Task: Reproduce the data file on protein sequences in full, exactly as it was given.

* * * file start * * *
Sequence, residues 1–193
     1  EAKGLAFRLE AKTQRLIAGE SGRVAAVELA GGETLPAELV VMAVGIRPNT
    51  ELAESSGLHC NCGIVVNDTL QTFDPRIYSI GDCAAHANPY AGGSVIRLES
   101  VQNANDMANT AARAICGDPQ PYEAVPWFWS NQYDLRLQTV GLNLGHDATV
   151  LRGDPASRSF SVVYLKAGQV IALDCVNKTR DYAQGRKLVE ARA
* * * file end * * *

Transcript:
Sequence, residues 1–193
     1  EAKGLAFRLE AKTQRLIAGE SGRVAAVELA GGETLPAELV VMAVGIRPNT
    51  ELAESSGLHC NCGIVVNDTL QTFDPRIYSI GDCAAHANPY AGGSVIRLES
   101  VQNANDMANT AARAICGDPQ PYEAVPWFWS NQYDLRLQTV GLNLGHDATV
   151  LRGDPASRSF SVVYLKAGQV IALDCVNKTR DYAQGRKLVE ARA